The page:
Cát Bà National Park takes up a great big portion of Cát Bà Island, so how could I not pay it a visit when I was passing through?
The island itself is essentially a giant sized version of one of those limestone karsts that can be viewed from nearby Halong Bay. As a result of this, the islands topography is pretty insane, and the view from the top (the reason why you need to go to the National Park) is pretty spectacular.
Getting to the entrance of the park is a small challenge, but I found the best option was to just hire myself a motorbike and ride out (sorry mum!). It’s about a 20-30 minute ride from Cát Bà Town (dependent on your speed – as a newbie to riding, I’m pretty slow) and only costs 80,000 VND for the full day. Other options would be the tourist bus or a motorbike taxi.
Once you’re there, you’ll have to fork over the 40,000 VND entrance fee (and possibly the 5 – 10,000 VND motorbike parking fee), then you’ll be set to get your sweat on… I mean your hike…
I stuck to the peak walk given I didn’t want to venture too far into the park solo in the crazy heat of the day. I tracked the whole route, so here’s a little info on what to expect:
Walking Time: 2 hours, 17 minutes
Lowest Elevation: 30m
Highest Elevation: 296m (but see comment below)
Total ascent / descent: 563m (but see comment below)
Now, if you’re freaking out about that first climb, never fear! I’m pretty sure something crazy happened with the GPS and that didn’t actually happen. Given a track closure, I essentially went up one way and back down the same track. The only difference came just prior to the final climb where I’d taken the less steep incline to get up, but came down along the other path. So, assume that the initial kilometre should be similar to the last kilometre!
Saying that, this isn’t the easiest little climb I’ve done.
I realise we’re not talking about a long hike, or even a high altitude, but the HUMIDITY! Well, if you could see me when I reached the peak… Lets just say my T-shirt has never been so wet when it wasn’t getting washed… You’ll definitely need to remember plenty of water for this one!
Those views you get at the top make it all worthwhile though. And another tip – don’t be an idiot and forget a memory card for your camera! Sadly, I’ve only got a few phone snaps to share with you now, but they do alright (especially since I refused offers to get in front of the camera – it would not have been pretty).
Cat Ba National Park: A Day of Jungle Exploring
Surrounded by dense jungle, we climbed up the roughly carved stone steps in Cat Ba National Park, Vietnam. When we paused to catch our breaths, we could hear bpth familiar and not so familiar sounds of nature around us. Chirping birds, purring insects, and the rustle of leaves under squirrels feet only made us feel more at home. And we knew the view waiting for us would be worth it.
Part of the reason we wanted to stay on Cat Ba Island rather than Halong Bay city (besides being on a budget, of course) was the Cat Ba National Park. Most people only experience the landscape of the area by doing a Halong Bay cruise, but Cat Ba National Park is another great way to see the landscape the region is famous for!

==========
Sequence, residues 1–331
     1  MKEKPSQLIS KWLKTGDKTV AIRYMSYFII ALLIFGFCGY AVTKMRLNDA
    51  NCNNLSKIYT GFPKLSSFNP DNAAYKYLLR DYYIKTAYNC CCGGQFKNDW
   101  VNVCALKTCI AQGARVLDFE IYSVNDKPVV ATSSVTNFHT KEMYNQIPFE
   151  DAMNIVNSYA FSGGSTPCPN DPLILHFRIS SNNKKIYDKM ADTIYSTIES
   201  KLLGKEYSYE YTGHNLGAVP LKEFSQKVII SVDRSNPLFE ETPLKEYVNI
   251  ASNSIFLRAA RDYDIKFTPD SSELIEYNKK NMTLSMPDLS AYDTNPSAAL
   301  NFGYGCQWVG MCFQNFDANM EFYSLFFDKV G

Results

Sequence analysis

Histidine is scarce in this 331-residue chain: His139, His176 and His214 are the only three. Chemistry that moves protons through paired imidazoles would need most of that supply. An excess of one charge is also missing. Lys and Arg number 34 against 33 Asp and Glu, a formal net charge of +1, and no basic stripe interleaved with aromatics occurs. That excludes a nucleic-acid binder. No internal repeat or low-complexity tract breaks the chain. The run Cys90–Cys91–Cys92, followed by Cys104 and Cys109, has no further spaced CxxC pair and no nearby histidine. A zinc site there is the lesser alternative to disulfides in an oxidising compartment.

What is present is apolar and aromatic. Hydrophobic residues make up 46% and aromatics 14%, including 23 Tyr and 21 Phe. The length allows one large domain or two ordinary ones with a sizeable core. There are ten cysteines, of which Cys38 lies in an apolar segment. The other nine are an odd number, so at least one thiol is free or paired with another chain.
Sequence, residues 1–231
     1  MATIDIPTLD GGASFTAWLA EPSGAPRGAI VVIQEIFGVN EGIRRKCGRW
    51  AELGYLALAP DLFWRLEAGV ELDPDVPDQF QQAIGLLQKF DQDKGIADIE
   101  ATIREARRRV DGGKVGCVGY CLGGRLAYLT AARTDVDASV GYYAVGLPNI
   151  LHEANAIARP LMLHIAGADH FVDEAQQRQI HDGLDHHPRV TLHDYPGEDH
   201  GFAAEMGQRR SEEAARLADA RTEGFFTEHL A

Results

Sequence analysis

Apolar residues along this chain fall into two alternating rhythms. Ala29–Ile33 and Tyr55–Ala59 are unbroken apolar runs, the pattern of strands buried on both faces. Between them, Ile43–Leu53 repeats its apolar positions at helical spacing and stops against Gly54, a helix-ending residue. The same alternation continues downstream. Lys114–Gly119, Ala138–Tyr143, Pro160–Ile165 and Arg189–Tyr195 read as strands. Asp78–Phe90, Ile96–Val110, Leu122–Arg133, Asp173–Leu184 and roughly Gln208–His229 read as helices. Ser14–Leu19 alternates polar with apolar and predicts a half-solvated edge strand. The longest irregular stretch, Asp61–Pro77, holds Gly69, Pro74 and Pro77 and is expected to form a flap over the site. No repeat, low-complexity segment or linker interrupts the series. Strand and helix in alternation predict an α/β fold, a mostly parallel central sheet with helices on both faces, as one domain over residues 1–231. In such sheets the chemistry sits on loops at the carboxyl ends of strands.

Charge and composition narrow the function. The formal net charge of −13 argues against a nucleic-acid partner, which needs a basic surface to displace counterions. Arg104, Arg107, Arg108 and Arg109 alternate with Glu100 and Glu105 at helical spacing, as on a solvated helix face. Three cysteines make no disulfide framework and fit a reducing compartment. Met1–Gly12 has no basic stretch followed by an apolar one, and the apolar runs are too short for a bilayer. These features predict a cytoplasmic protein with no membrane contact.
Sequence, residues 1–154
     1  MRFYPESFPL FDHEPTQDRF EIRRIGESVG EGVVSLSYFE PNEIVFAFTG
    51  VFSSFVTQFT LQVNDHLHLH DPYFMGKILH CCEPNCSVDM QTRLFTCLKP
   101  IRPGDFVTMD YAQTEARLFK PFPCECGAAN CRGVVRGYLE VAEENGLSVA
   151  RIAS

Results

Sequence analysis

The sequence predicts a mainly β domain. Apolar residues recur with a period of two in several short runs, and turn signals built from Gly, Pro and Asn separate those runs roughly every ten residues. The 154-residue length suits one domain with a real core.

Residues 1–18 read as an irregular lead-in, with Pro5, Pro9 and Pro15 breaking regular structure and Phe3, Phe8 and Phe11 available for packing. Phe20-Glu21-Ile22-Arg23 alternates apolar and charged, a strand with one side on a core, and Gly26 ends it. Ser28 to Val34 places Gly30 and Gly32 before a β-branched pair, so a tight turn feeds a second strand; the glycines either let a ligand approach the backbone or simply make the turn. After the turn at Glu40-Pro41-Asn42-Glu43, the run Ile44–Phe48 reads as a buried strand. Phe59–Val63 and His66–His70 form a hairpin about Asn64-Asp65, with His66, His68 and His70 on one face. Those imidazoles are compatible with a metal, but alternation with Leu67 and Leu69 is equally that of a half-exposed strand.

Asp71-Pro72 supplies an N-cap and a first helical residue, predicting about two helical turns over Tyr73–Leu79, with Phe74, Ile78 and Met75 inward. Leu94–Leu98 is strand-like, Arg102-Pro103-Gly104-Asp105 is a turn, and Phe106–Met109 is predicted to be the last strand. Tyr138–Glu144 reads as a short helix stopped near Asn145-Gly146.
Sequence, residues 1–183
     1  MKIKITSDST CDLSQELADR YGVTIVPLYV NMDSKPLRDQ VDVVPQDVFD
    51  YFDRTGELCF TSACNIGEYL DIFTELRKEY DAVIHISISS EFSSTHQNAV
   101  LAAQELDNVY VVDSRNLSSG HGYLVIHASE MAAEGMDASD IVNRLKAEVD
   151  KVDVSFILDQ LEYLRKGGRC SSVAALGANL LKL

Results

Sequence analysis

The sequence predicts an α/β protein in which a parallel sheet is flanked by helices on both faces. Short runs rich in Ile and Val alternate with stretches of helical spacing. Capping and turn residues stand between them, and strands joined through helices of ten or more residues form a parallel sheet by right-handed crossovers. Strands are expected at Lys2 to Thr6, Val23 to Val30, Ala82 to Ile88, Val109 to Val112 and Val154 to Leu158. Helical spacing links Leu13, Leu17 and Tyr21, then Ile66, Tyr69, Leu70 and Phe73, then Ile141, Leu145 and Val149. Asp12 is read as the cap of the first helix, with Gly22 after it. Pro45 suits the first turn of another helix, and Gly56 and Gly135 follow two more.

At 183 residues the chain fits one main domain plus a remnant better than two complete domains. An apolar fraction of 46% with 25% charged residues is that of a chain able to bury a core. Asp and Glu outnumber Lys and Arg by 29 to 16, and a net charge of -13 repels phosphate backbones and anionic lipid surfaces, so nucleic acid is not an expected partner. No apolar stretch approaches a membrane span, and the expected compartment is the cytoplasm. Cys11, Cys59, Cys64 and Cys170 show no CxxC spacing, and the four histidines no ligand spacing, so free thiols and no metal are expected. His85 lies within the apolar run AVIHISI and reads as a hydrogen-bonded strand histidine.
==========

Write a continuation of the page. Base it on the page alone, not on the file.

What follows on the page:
What we’ve discovered while traveling is that the term “hike” gets thrown around loosely. So far in Vietnam (and elsewhere) the hikes have been watered down versions of what we know and recognize as a hike. There are usually paved steps, wide walkways, and the “hike” itself lasts about 1/2 a mile tops. But Cat Ba National Park was exactly what we were hoping for in the ways of hiking…finally!
The jungle of Cat Ba National Park itself was dense and eerily beautiful in the way jungles often are. The sun barely was able to make its way through the leaves, which created a nice shaded oasis. That was fine with us, as we were working up a sweat just fine without the heat of the sun’s rays.
As animal lovers, we were hoping to spot the endangered golden langur that the park is famous for. Out of the 65 total remaining golden langurs that exist in the world, Cat Ba National Park is home to a majority. While we didn’t spot one, we did spot lizards, many different kinds of birds, deer, and a couple giant black squirrels.
To get to Cat Ba National Park, we hired a scooter. The roads on Cat Ba Island are very calm, and should’t be too difficult to ride a motorbike on even with minimal experience. But if scootering still freaks you out, there is a public shuttle bus that runs to the park or you can hire a taxi.
Park entrance is 80,000 dong a person ($4USD) and is well worth the admission fee. When you enter the park, there will be a few stands selling water and small food items. If you didn’t bring a water, get one now! The hike is strenuous and you’ll definitely want something to quench your thirst.
After walking on some pavement for a while, you will pass a restaurant and then it is only up from there. The hike starts with a climb and doesn’t really even out until you reach the peak view, so prepare for a good workout. While there are roughly cut stone steps, the hike still retains it’s wild like feel. Soon, even the stone steps will stop and you will be climbing up limestone shards.
As you climb higher, the steps disappear and you’ll be hiking on a normal trail until you reach the first viewpoint. There is a small two story shaded structure at the top of the peak. We almost stopped here, but there’s so much more to see if you go just a little further.
Following the path, it will lead you down and then back up again. This was probably the most challenging part of the hike, but it is also a relatively short distance. When you reach the very tip top, you will be rewarded with panoramic views of the island. It’s a more jungle-y version of Ninh Binh, which was my favorite place in Vietnam. It is by far one of my favorite mental snapshots of our trip.